Stories about Volunteer Advocate
State Capitol Days are here! Read how our Volunteer Advocates make a difference in supporting critical legislative and policy issues in their states — and how you can, too!
This year I will have lived my life longer without Tom than with him. But he is with me every time I tell his story, train a suicide prevention class, visit with a suicide loss survivor, and attend an Out of the Darkness walk.
Turning Listening into Legislation: Advocating for More Accessible and Affordable Mental Health Care
Your story is the opening to an ongoing conversation with your representatives. Our job as advocates is to make sure that listening becomes legislation.
People who knew my dad tried hard to make sense of his death with statements and questions such as these. The truth is that we all ask, “Why?” after losing someone to suicide. In fact, it’s in our very nature as human beings to understand the world around us by asking who, what, where, when, and why.
As a result of the dedication and perseverance of local field advocates, AFSP has become a lead voice in Oregon’s suicide prevention efforts statewide and played a large role in the enactment of several mental health and suicide prevention laws over the last three years.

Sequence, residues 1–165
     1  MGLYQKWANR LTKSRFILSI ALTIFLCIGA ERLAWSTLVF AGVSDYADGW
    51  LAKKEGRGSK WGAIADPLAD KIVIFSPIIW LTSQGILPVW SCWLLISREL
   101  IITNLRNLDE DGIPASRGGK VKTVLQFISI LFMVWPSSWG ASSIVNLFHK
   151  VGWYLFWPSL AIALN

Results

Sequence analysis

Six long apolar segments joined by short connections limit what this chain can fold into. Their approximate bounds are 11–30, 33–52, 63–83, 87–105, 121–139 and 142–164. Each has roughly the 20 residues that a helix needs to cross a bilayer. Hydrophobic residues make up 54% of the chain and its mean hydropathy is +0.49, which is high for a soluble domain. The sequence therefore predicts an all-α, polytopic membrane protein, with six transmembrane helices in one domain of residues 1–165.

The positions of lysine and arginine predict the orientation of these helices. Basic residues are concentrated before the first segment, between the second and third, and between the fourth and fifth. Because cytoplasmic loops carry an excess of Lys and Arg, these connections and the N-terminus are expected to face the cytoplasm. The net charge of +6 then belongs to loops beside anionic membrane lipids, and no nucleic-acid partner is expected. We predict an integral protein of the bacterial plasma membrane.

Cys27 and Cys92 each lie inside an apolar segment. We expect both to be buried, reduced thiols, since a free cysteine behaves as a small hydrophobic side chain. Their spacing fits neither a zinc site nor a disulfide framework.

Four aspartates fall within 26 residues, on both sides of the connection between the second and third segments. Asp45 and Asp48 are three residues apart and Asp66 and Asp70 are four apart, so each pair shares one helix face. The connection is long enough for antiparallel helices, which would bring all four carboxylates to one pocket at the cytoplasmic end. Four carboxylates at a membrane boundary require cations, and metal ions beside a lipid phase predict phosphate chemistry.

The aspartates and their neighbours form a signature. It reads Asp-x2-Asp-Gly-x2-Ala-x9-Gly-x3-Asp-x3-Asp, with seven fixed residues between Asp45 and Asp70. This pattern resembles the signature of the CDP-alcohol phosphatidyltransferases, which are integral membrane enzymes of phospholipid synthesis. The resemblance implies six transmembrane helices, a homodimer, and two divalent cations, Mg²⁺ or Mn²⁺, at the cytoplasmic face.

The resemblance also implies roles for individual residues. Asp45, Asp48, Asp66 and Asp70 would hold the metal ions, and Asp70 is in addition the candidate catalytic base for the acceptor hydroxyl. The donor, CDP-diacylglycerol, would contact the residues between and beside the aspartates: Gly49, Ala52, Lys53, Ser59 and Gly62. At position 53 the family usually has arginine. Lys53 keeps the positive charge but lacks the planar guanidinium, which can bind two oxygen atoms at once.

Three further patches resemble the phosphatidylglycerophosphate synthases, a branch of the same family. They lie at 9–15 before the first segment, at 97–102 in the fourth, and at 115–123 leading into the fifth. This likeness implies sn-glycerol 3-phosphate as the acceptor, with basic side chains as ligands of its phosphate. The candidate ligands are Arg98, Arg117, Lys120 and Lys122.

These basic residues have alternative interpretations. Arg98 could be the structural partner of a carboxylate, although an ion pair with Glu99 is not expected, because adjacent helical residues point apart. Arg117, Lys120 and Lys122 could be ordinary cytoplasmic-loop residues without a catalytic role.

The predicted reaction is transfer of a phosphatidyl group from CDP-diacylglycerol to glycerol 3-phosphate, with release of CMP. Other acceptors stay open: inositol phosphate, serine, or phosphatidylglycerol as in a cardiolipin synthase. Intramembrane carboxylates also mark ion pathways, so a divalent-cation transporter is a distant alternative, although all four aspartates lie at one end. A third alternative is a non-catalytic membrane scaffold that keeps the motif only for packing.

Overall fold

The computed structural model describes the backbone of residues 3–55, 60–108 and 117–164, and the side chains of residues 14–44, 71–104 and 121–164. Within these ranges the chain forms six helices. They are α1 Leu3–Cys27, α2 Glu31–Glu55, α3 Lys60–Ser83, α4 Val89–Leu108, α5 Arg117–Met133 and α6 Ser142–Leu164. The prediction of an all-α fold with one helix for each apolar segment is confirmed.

Thanks to the hard work of our volunteers and staff, this past year we saw the successful passage of five federal bills and 27 state bills in support of our top public policy priorities.
Mental health parity is one of AFSP’s public policy priorities. Simply put, mental health parity means that insurance companies and health plans must cover mental health care the same way they cover other medical care, without any extra restrictions for mental health conditions and substance use disorders.
Due to the COVID-19 pandemic, we were unable to hold the Advocacy Forum in Washington, D.C. this year. In lieu of being able hold the event in-person, on June 22 volunteer Field Advocates, members of Congress, and AFSP staff from across the country gathered together virtually for the 2020 Advocacy Forum.
Walking and fundraising was something active that I could do. Slowly, through action, I began to heal.
Speaking openly about my own struggles, sharing my story and having a #RealConvo about mental health has led me to a deeper understanding of both myself and others, and turned my former Achilles’ heel into a source of strength and power.